Daniel Morse

Professor
Molecular, Cellular, and Developmental Biology

Contact

805-893-3157
3155 Marine Biotechnology Lab

University of California, Santa Barbara Santa Barbara, CA 93106-5080

IEE Research Areas: 

Affiliations: 

Institute for Collaborative Biotechnologies, Founding Director
Center for Energy Efficient Materials, Member
American Society for Biochemistry and Molecular Biology, Member
American Chemical Society, Member
Materials Research Society, Member

Honors: 

1971 Career Development Award, NIH
1973 Faculty Research Award, American Cancer Society
Distinguished Faculty Scholar, Woods Hole Oceanographic Institution
1985 Smithsonian Institution Regents Fellow
1986 AAAS Fellow
 

Research Description: 

Daniel Morse conducts research at the intersection of biotechnology and nanotechnology in a new interdisciplinary collaboration that combines the approaches of Molecular Biology and Biotechnology with Materials Engineering, Physics, Chemistry and Chemical Engineering. He and his laboratory are discovering the molecular mechanisms governing biomineralization, and are using these mechanisms to develop new strategies for the synthesis of high-performance, nanostructured composite materials for tomorrow's advanced optoelectronics, microelectronics, catalysts, sensors and energy transducers. Together with colleagues at the Center for Energy Efficient Materials, Morse is working on bio-inspired solar products and high-power batteries by improving our understanding and control of heterogeneous materials that are engineered or templated at the nanoscale. These developments offer tremendous opportunities for future improvements in the performance and cost of photovoltaics and energy storage.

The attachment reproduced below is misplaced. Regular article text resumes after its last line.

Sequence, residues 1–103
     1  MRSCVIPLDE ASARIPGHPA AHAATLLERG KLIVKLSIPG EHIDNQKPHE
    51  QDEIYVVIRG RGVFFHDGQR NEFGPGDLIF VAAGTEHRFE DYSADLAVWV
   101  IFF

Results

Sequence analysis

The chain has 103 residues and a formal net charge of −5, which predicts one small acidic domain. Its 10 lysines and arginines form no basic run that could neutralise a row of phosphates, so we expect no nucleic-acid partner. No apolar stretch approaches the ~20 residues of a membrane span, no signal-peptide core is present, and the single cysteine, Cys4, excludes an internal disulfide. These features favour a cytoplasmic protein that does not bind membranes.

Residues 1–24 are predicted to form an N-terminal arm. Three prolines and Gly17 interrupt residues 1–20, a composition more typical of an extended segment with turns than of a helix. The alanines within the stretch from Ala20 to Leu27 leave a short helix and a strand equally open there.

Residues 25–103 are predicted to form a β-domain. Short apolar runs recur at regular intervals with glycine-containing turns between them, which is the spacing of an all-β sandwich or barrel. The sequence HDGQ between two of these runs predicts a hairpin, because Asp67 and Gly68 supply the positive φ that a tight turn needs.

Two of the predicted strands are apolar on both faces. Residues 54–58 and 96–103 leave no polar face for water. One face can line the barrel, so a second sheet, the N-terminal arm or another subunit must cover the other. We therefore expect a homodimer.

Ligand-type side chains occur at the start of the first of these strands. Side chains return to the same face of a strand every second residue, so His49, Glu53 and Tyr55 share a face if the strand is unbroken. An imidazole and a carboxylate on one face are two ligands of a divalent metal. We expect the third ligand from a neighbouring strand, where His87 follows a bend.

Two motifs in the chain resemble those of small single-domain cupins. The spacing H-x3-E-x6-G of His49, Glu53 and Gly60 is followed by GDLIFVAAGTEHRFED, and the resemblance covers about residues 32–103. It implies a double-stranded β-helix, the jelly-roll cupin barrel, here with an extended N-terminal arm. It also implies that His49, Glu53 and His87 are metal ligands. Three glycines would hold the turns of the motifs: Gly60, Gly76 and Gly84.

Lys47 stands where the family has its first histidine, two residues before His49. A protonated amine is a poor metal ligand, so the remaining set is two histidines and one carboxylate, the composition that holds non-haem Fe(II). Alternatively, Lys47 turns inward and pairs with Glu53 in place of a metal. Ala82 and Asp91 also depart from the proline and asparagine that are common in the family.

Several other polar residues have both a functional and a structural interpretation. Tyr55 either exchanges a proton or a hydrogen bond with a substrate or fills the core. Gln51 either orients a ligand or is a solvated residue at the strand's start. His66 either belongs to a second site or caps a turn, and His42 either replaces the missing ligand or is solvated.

Education: 

BA: Biochemistry, Harvard University (1963)
PhD: Molecular Biology, Albert Einstein College of Medicine (1967)

Biography: 

Morse was appointed the Silas Arnold Houghton Associate Professor of Microbiology and Molecular Genetics at Harvard Medical School before joining the faculty of UC Santa Barbara. At UCSB, he was the founding Director of the Institute for Collaborative Biotechnologies (in which capacity he served for six years) and the Marine Biotechnology Center.